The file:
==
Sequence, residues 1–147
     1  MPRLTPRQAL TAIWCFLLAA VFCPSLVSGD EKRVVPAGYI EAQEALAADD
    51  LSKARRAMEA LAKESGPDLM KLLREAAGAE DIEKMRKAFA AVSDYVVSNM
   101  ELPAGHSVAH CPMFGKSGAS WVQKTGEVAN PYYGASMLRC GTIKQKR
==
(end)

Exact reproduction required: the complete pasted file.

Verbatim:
Sequence, residues 1–147
     1  MPRLTPRQAL TAIWCFLLAA VFCPSLVSGD EKRVVPAGYI EAQEALAADD
    51  LSKARRAMEA LAKESGPDLM KLLREAAGAE DIEKMRKAFA AVSDYVVSNM
   101  ELPAGHSVAH CPMFGKSGAS WVQKTGEVAN PYYGASMLRC GTIKQKR